Asset Managers Face Rising Regulatory Scrutiny

By Gerold GrasshoffZubin MogulThomas PfuhlerNorbert GittfriedCarsten WiegandAndreas Bohn, and Volker Vonhoff

This is an excerpt from Global Risk 2017: Staying the Course in Banking. The full report is available for download in PDF format.

Banks with asset management operations may soon experience a sense of regulatory déjà vu. Although global regulators focused their reform efforts on large banks and other systemically important financial institutions in the wake of the 2007–2008 financial crisis, they have since been increasing their scrutiny of asset managers—both independent and bank owned—looking for activities and products that might pose systemic risk.

We believe that it is a matter of when—not whether—asset management activities will face rigorous regulatory scrutiny.

Indeed, asset managers themselves have started to formalize a collective view of risk management frameworks and best practices through industry forums such as the Global Association of Risk Professionals. (See Global Asset Management 2016: Doubling Down on Data, BCG report, July 2016.) Such efforts will assist the industry in preparing for further regulatory inquiry.

Emerging Proposals

The evolving proposals by regulators emphasize issues that are most closely related to systemic failure and investor protection, and they would require independent risk functions and ongoing risk governance.

EU regulatory frameworks—such as the Undertakings for Collective Investment in Transferable Securities (UCITS), the Alternative Investment Fund Managers Directive (AIFMD), and the Markets in Financial Instruments Directive (MiFID)—are ahead of those in the US, where an initial set of three rules has been issued by the Securities and Exchange Commission (SEC), with more to come.

With basic risk management frameworks and governance now a norm, the three SEC rules, plus an additional proposal, focus on the key topics for mitigating systemic risk:

  • Liquidity Risk Management. This requirement aims to reduce the likelihood that a fund would be unable to meet redemption obligations and thus would dilute the interests of its shareholders. It applies to open-end mutual funds and certain exchange- traded funds (ETFs).
  • Swing Pricing. This rule creates an option for open-end funds (excluding money market funds and ETFs) to adjust their net asset values per share, thus effectively passing on the costs from purchase and redemption to the transacting shareholders. The tool serves to protect existing shareholders from dilution associated with shareholder purchases and redemptions.
  • Registration and Reporting Forms. This measure mandates enhanced data reporting and additional disclosure of liquidity risk measures.
  • The Use of Derivatives. Still a proposal, this regulation would restrict excessive fund leverage resulting from the use of complex derivatives. It would apply to all types of registered funds.

Additional proposals by the SEC, along with international recommendations by the Basel-based Financial Stability Board, cite the importance of measures such as liquidity stress testing, business continuity, transition planning, anti-money-laundering, and proper controls for securities-lending activities.

In the US, mixed messages during the presidential campaign suggest that twists and turns lie ahead for US regulatory policy and postcrisis financial reform efforts.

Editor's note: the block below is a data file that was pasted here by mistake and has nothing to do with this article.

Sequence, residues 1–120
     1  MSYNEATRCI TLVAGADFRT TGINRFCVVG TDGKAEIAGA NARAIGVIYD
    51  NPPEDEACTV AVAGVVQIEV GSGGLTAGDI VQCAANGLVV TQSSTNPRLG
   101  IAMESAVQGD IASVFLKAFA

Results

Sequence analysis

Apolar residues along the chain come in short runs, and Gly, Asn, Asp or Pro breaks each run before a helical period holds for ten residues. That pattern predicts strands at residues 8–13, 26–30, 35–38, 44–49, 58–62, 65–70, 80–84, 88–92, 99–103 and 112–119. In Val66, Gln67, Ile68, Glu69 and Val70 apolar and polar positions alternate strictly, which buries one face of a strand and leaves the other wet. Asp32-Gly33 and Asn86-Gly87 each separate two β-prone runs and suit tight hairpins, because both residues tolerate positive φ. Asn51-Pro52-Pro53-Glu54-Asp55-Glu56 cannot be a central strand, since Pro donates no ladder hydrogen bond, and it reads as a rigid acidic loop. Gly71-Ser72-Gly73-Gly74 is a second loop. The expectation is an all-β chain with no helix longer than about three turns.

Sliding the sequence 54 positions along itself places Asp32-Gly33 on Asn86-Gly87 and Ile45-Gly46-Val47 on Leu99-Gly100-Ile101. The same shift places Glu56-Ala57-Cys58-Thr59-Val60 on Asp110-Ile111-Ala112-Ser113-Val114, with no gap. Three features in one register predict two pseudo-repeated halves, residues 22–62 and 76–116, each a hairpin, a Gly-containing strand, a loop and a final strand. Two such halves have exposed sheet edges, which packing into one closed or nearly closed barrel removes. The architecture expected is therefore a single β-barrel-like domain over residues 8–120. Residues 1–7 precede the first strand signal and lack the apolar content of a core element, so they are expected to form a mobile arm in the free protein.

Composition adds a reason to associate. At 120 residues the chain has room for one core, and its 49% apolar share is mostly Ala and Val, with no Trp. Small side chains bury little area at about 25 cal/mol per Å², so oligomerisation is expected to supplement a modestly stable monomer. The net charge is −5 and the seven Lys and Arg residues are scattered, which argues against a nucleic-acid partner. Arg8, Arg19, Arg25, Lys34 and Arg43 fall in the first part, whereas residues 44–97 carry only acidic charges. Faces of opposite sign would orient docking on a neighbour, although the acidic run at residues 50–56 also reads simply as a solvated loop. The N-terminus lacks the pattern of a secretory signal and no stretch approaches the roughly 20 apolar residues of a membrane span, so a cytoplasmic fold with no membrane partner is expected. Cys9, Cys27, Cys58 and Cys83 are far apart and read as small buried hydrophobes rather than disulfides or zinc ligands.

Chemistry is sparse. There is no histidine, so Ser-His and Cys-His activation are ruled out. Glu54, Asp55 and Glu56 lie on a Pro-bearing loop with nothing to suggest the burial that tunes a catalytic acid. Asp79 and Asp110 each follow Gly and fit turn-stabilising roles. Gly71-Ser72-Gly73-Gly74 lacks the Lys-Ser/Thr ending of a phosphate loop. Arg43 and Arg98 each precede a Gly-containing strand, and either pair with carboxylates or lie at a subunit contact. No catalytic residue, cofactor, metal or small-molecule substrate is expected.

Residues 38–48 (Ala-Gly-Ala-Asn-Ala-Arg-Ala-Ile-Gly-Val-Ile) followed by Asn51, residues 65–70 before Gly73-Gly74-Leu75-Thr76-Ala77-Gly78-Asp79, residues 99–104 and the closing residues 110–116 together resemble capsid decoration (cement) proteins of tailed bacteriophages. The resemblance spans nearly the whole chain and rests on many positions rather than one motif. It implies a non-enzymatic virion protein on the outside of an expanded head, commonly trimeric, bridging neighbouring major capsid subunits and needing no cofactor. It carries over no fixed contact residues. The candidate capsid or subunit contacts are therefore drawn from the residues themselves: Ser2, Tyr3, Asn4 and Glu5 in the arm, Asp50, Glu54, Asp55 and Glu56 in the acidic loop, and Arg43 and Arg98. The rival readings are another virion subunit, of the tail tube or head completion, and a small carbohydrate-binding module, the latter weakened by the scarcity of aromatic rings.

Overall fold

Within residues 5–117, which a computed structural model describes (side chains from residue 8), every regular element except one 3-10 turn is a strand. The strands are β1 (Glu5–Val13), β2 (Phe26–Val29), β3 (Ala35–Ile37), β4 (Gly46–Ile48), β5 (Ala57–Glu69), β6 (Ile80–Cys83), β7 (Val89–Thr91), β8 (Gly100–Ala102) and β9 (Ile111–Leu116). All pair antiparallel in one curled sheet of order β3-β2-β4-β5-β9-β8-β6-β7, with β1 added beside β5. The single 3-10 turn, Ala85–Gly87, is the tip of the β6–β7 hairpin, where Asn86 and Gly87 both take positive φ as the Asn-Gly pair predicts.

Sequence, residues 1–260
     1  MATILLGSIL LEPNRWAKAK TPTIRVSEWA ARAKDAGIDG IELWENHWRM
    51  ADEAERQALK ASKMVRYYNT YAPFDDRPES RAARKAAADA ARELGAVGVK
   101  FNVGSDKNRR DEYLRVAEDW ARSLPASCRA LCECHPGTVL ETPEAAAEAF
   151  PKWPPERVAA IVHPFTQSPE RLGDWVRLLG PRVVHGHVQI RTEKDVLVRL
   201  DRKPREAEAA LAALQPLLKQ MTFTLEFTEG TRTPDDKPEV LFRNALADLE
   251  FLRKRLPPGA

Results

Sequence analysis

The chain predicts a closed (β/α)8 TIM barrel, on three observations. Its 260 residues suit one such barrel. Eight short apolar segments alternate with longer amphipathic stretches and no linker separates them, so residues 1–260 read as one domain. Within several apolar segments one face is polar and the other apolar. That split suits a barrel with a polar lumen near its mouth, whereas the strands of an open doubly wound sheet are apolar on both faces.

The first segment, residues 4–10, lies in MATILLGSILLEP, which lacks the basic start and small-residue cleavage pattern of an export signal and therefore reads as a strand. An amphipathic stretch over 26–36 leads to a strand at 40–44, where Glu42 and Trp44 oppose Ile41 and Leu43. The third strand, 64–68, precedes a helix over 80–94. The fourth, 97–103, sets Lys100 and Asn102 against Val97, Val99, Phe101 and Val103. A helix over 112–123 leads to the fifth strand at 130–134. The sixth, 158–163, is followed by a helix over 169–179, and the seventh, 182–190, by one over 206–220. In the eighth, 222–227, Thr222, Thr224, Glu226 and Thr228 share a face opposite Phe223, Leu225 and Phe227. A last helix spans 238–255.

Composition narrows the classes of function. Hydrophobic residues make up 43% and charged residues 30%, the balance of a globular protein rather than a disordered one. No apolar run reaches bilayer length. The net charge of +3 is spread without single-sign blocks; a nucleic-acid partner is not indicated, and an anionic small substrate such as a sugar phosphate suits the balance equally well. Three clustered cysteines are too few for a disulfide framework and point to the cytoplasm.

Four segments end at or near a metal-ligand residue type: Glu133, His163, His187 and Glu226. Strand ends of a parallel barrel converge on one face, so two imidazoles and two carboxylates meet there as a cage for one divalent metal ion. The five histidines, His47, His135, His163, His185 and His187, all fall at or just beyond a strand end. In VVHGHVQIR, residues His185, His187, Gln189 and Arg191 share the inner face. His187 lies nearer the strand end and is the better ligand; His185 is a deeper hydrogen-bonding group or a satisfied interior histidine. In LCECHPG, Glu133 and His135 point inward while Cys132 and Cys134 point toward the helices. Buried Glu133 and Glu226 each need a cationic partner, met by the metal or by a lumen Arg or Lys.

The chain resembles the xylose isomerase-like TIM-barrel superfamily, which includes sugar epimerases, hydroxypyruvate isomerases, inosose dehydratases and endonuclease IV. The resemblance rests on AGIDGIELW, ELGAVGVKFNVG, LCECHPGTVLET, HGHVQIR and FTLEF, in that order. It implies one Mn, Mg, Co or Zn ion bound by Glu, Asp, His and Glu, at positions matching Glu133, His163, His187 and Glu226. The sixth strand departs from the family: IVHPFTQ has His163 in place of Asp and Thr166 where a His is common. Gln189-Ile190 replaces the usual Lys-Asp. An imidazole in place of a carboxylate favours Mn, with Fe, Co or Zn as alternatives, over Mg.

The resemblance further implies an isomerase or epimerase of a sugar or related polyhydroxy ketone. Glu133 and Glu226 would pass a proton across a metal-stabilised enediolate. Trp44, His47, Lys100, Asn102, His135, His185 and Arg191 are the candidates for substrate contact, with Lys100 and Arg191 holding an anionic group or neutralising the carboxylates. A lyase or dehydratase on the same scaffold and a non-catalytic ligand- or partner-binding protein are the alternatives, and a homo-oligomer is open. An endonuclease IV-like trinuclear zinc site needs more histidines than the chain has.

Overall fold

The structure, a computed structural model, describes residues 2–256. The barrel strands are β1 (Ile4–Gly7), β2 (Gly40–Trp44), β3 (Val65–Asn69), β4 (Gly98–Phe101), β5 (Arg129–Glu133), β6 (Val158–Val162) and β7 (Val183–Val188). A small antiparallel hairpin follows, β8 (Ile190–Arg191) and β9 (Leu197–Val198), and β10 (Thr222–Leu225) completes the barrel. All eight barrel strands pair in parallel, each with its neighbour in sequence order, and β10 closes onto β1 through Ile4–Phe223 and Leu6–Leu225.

Nevertheless, on balance, we believe that there is strong bipartisan consensus on the need to address market liquidity and leverage. These goals are embodied in the new SEC rules and the additional proposal described previously, which would require formal risk management of liquidity and derivatives, as well as extensive regulatory disclosure and reporting on individual funds.

Readiness Gaps

While asset managers, especially the larger and more complex organizations, have generally made progress in developing risk management frameworks, the level of readiness across the industry as a whole is still very low. The largest readiness gaps are in liquidity risk, leverage through the use of derivatives, stress testing, and reporting.

Given the expected regulatory changes, asset managers with SEC-regulated funds—both independent and bank owned—should act now to do the following:

  • Assess the strategic impact of new and proposed risk management regulations on the operating model—overall and by business line.
  • Perform a readiness check, identify missing capabilities, and develop a strategic roadmap for meeting new requirements and incorporating them into decision making.
  • Develop a more formal and comprehensive risk management framework to meet new and emerging regulatory requirements—including a state-of-the-art framework for enterprise risk, covering governance, processes, data, and IT and establishing an independent risk function.
  • Establish appropriate organizational and technical capabilities for governance, people, processes, data, and technology and prepare the implementation of a comprehensive risk management framework.
  • Develop effective challenge and oversight processes that allow fund boards to be both more informed and involved in risk management.

The most effective and proactive asset management firms are beginning to prepare for the regulatory changes of tomorrow. In doing so, they should leverage the experience of banks and other financial institutions with regard to previously implemented regulations in the wake of the financial crisis. Using stress-testing concepts in risk management, for example, would improve a firm’s resilience in the face of severe events regardless of regulation. Consequently, best-in-class firms will invest to accommodate the emerging trends in asset management that affect investors well before regulators take action.

This article is an excerpt from Global Risk 2017: Staying the Course in Banking.